What is fabulous service? How do you define a “delightful experience”?
To many, an exceptional encounter is a heroic one, epitomised by a smiling human being who jumps through flaming hoops to provide memorable encounters.
The guy who took a taxi all the way to the airport to return your lost wallet just before your flight.
The chef at the restaurant who baked you a beautiful birthday cake on the day of your birth.
The sales assistant who allowed you to try over a dozen outfits before selecting one, without so much as a grimace on her bright beaming face.
Traditionally, service and hospitality went together.
This was especially so in Asia, where we’re known for our heady mix of exotic oriental smiles, warm personality and serving hands.
Iconic gestures like the Thai “wai” or Indian “namaste” (palms pressed together in prayerful fashion) and Japanese bow stick in our heads.
While many consider service to be an intimate one-to-one human interaction, the sordid truth is that such expectations are becoming harder to achieve.
With rising manpower costs, tight labour markets, and the growing aspirations of younger workers, the days of being waited on hand to mouth may soon be over.
This would be especially so in labour intensive industries like F&B, hotels, and retail.
What then should your solution be? Consider introducing the concept of “No Service“.
Now wait a minute. I’m not advocating your diners to cook their own meals from scratch, or to expect your passengers to drive their own buses.
Rather, I’m proposing how your customer facing processes and workflows can be optimised such that there is a minimal need for human intervention.
Some of the principles involved are as follows:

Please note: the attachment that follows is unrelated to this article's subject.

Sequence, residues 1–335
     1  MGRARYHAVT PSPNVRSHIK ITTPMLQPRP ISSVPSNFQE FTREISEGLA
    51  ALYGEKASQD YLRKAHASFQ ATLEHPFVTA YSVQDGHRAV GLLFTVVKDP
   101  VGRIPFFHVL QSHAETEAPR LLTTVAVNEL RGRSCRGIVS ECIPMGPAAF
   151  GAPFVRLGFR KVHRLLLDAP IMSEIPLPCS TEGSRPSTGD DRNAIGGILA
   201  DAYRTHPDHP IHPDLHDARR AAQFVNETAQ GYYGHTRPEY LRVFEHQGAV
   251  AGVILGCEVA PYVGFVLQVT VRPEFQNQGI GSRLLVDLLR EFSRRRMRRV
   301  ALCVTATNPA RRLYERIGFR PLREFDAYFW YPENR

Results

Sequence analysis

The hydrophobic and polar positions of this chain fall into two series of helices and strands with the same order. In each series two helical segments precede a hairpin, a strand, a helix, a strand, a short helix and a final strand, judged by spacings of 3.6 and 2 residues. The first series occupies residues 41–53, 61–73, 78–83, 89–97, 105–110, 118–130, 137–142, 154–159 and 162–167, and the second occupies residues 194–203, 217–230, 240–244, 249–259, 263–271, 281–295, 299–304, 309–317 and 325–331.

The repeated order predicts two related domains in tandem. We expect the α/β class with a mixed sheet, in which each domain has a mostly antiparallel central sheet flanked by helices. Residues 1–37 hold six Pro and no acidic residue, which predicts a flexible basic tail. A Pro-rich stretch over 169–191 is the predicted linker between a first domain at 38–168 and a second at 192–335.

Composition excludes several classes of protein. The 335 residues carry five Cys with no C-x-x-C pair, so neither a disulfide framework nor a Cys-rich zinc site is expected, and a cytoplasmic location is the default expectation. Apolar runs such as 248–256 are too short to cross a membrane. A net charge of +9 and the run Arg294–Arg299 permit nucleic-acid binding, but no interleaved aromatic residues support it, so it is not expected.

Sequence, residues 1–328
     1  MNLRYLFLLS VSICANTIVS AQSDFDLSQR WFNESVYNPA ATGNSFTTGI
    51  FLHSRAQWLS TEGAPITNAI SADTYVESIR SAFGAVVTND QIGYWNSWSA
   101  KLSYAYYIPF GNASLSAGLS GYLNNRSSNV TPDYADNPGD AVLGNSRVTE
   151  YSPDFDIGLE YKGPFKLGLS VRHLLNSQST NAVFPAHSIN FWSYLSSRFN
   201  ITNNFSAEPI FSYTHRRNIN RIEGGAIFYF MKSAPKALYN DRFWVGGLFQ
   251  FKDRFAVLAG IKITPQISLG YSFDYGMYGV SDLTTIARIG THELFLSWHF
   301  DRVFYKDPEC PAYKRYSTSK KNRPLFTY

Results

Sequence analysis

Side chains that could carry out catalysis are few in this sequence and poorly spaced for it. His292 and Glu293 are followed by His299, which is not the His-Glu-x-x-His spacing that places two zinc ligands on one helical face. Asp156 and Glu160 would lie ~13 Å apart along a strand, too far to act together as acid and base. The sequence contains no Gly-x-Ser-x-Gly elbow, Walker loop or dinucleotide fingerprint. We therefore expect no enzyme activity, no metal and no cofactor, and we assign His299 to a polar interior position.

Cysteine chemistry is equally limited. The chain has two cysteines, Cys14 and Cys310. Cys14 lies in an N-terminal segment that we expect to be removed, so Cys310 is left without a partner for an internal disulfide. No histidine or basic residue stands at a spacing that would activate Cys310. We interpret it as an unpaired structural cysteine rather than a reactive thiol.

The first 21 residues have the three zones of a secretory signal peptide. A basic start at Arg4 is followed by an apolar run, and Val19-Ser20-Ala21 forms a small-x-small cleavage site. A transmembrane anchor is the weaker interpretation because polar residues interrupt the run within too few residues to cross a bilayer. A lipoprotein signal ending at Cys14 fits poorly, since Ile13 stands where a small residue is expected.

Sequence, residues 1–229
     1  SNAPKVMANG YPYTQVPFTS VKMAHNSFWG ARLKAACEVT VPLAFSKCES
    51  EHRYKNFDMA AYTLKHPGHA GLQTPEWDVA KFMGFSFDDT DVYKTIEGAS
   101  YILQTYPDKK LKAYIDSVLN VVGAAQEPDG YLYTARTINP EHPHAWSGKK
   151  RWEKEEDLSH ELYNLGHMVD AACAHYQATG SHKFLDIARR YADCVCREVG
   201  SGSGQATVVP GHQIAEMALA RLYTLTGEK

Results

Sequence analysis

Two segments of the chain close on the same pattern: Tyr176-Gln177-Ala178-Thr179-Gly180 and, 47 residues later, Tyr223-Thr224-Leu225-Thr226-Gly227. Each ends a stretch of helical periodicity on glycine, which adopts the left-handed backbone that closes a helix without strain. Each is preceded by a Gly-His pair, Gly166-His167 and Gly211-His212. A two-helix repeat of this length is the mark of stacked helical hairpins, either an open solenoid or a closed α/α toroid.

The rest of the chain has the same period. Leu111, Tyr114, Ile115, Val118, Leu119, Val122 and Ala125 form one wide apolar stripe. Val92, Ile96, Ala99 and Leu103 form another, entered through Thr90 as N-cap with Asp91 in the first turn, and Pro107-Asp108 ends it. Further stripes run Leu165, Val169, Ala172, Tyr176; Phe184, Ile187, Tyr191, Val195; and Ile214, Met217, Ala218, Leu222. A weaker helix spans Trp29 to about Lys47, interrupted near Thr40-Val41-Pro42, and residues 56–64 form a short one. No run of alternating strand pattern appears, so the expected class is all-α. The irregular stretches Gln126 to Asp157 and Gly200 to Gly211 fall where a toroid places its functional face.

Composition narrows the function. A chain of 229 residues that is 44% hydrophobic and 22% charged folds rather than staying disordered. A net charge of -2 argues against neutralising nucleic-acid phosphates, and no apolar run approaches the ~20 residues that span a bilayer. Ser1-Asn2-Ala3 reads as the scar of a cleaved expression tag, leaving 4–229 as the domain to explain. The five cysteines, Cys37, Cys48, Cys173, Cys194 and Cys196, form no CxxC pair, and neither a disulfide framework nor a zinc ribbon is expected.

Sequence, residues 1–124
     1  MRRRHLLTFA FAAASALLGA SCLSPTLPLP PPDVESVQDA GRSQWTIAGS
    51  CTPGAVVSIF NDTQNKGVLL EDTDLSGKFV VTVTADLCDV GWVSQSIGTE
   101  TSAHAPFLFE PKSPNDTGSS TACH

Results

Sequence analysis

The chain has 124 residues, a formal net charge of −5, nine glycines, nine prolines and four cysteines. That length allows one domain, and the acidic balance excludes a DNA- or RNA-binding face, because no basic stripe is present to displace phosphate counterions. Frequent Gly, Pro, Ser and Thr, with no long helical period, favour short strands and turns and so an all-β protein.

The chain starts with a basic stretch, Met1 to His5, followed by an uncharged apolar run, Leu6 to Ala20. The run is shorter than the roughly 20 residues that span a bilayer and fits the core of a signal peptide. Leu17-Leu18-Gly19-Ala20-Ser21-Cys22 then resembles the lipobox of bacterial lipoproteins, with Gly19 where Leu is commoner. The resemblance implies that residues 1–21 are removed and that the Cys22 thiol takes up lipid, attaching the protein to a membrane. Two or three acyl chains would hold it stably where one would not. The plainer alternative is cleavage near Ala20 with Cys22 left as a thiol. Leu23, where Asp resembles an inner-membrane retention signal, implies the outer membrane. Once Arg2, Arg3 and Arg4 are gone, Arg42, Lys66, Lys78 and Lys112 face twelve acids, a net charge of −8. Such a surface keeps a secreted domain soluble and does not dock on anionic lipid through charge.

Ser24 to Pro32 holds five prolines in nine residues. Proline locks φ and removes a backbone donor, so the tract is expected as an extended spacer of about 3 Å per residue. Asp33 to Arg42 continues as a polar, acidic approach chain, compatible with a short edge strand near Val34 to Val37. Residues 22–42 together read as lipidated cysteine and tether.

Leverage on technology on site to transmit the requests of your customers to fulfillment.
This can be anything from taking orders at a restaurant to transmitting information from retail customers to upstream suppliers. Handheld tablets and touchscreens on tables are common ways to do so in F&B outlets. Ditto for purchasing cinema tickets and concert tickets.
Provide an attractive incentive for guests/customers to pre-order before arrival so as to minimise transaction times. For example, shops can offer a 10% discount for customers who pre-order online and simply pick up and go at the outlet.
Encourage your customers to opt for default choices as the most popular/beneficial option. This should be done as intelligently as possible based on one’s knowledge of customer demographics, behavioural patterns and transactional history.
This could be done through a nudge which is defined as “… any aspect of the choice architecture that alters people’s behavior in a predictable way without forbidding any options or significantly changing their economic incentives.”
You can read more about applying defaults in the 6 principles of Nudge here.
Design customer spaces to optimise natural behaviours and movements. This should be done to move them from point A to point B in an intuitive fashion requiring minimal human intervention.